Hi SE readers! I’m excited I get to write another guest post. Mr. SE shared his favorite things a few months ago and asked me to do the same. So, here is a list of some items that bring joy to my life. I believe these are things that I will always enjoy no matter what stage of life I am in, and I think you may enjoy them too.
Freshly Ground Peanut Butter
I love peanut butter and always have. I’m one of those people who can just eat it by the spoonful. I used to get the processed stuff, but then I decided it might be better to get something with less added sugar if I am going to be eating it everyday. I used to buy it from the market already ground, but now I make it conveniently at home anytime I have the urge. Just put some unsalted, dry-roasted peanuts in the food processor, give it a little wiz, and there you go. Awesome, delicious peanut butter ready to eat! You can do this with any other nuts as well, but peanuts seem to work best.
Nike Tempo Shorts
Probably any girl from the age of 12-35 will tell you these shorts are amazing. Not only trendy, they are great for working out, going to class, running errands, or lounging around the house. They come in any color you can imagine whether you want neon, your school colors, or to go with that favorite t-shirt. And they have built-in underwear and elastic band for the perfect fit! Continue reading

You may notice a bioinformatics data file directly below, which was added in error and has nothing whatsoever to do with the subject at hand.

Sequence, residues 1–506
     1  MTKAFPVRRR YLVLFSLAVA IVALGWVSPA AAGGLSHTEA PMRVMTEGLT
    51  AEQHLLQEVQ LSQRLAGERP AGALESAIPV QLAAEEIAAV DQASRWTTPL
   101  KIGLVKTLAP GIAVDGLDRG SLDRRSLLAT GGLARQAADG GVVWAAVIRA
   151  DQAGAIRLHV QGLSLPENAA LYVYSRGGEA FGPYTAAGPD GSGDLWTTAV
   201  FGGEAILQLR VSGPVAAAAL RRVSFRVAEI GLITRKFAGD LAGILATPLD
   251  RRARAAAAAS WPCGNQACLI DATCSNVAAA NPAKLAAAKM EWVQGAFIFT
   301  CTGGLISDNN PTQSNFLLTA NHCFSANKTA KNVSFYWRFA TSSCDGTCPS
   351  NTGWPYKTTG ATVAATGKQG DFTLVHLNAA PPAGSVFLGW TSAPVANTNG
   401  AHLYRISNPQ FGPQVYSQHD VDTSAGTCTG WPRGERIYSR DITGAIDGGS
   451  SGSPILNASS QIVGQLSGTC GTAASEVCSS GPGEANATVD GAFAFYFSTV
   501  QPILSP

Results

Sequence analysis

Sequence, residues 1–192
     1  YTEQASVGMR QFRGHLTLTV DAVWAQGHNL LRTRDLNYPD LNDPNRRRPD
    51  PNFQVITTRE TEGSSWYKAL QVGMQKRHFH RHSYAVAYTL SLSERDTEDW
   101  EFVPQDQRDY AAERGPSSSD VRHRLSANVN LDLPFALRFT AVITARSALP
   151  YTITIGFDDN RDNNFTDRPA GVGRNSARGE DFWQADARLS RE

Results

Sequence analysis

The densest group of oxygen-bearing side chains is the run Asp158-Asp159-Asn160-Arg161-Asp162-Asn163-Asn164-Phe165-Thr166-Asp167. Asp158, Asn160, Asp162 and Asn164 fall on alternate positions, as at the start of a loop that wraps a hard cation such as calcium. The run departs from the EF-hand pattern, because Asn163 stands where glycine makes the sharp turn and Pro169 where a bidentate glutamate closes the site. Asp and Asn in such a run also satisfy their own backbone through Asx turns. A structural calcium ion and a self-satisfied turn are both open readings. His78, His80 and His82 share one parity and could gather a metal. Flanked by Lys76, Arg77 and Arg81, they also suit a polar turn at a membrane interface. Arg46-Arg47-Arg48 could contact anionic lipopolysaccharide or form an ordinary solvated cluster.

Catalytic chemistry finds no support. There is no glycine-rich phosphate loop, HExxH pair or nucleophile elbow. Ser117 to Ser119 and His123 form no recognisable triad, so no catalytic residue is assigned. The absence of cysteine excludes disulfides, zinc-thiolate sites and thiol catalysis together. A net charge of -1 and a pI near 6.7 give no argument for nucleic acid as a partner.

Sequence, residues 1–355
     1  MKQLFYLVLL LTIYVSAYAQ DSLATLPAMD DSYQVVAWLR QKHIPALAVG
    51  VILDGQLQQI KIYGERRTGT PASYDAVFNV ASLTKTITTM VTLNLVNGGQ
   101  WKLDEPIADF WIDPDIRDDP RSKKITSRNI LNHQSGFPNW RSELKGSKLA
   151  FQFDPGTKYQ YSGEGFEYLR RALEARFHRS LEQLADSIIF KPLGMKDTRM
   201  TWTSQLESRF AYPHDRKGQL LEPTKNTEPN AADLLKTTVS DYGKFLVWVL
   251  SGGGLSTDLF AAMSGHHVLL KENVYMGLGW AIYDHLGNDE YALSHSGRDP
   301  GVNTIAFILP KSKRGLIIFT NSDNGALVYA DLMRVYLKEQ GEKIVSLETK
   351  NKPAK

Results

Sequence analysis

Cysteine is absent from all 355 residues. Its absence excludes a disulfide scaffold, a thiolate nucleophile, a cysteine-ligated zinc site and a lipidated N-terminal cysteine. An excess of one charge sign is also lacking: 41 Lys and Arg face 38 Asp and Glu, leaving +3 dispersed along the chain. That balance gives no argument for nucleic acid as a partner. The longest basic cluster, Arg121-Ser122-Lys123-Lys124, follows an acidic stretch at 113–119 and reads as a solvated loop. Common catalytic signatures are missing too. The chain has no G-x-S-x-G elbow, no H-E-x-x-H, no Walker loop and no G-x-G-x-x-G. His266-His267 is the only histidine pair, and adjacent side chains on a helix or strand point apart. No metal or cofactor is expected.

Before I decided to jump in and join the writer’s crowd, I spent years reading posts from a wide variety of authors. My life and perspective have been thoroughly challenged and changed from the words written by many of the authors who write weekly to an audience around the world. At first, this post was going to be a shout out to all the other bloggers that I enjoy and that have helped me on my way. But I’ve made it a little more specific and retained only the blogs that I actually read. Ones where I read every post right after they hit my feed. Here are the blogs I enjoy.